Virginia does all the little things right on defense. They communicate extremely well, hedge hard off ball screens, rotate on time, and all five players show uncommon effort defensively to take away passing lanes through help defense. Every player has active hands and recovers quickly from mistakes.
It was encouraging to see the Hokies shoot lights out against Boston College, because they will need some of that hot shooting to carry over in Charlottesville. Going 12-18 from the three-point line will not happen against a stingy Virginia defense, but if they want to pull off a road upset, shooting over 50% from deep and making nearly all their open attempts needs to happen. Bibbs and Hill, who had combined to go 7-32 from three in their previous four games, went 5-6 on Sunday. Even Ty Outlaw shot the ball well, knocking down his first two triple attempts.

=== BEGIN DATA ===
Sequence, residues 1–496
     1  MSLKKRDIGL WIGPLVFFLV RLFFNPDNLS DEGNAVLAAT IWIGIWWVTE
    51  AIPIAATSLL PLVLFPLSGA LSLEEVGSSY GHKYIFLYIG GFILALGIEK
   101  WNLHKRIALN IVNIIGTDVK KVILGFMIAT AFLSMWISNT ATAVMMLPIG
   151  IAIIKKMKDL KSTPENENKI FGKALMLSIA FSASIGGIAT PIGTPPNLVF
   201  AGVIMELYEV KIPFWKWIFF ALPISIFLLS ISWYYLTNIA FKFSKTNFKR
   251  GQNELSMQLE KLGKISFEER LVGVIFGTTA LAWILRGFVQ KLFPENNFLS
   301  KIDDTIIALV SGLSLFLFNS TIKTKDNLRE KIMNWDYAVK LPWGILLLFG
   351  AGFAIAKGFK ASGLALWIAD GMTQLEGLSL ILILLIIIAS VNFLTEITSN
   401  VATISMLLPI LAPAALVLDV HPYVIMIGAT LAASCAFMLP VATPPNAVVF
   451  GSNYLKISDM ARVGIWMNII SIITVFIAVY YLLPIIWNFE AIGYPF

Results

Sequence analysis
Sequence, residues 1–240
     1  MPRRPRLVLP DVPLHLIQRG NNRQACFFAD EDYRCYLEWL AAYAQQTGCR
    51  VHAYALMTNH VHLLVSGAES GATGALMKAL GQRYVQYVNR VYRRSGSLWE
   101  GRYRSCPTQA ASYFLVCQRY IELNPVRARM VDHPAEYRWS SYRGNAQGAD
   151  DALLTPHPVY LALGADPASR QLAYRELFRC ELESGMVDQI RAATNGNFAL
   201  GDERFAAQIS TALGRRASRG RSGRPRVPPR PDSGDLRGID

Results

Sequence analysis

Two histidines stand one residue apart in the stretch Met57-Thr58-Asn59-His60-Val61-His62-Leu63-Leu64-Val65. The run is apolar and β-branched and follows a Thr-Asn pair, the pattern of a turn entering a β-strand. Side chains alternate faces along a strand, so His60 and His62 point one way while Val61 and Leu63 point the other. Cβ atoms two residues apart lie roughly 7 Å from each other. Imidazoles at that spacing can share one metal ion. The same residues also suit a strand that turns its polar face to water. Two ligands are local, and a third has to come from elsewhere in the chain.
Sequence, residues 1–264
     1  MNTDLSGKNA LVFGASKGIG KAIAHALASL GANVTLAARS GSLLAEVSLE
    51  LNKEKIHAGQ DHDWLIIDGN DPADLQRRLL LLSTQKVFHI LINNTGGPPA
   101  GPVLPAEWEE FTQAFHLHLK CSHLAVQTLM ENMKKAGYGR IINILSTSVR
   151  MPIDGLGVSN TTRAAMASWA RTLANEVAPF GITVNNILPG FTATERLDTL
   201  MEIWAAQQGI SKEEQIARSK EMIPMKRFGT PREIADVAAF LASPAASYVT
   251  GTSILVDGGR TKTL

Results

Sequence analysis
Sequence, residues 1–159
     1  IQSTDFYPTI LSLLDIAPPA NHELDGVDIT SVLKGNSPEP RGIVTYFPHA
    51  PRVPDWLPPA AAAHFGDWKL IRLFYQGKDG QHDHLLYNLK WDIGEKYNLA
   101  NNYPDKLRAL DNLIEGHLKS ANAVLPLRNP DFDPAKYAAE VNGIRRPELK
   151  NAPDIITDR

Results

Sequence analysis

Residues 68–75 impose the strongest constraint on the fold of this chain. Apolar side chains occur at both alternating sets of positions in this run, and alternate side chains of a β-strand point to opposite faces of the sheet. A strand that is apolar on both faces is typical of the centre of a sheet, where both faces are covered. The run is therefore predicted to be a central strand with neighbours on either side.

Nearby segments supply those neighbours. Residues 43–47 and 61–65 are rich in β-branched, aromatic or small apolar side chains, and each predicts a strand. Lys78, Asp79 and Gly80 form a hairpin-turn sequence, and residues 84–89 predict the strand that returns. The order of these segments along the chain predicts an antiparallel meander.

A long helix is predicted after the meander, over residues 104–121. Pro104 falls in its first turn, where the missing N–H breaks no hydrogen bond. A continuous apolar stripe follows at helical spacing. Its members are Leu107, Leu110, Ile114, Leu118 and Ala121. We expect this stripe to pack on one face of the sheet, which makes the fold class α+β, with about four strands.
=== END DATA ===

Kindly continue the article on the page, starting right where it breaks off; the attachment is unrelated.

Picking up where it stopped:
However, the way to attack this defense is to take the ball to the rim. UVA has only allowed opponents to shoot the ball 32.5% from three this season. The Hokies can’t shoot that low a percentage and expect to win this game. Virginia Tech had success against UNC, another tough defense, when they attacked the basket which Buzz Williams talked about in his press conference. They really need to get back to that identity and play inside out. The Hokies have to take smart shots because UVA limits the number of possessions in the game, increasing the value of each one.
Chris Clarke, after finishing in double figures ten games in a row, has scored under 10 points in the last three. He and Seth Allen are probably Virginia Tech’s best players at getting downhill. Getting Clarke going inside can open up some passing lanes to open shooters on the wing. From there, the Hokies need to move the ball crisply and make decisions quickly in order to generate good looks.
UVA is favored by about 12 to win this game. The Hokies once again face a team on the road that can dominate the glass and shoot the ball lights out. However, with this being a rivalry game, I think the Hokies assume an underdog mentality and play the Hoos much tougher than Virginia expects them to. Since Virginia is a hot team right now, I’m going to pick them, but I get the feel that this one will be close.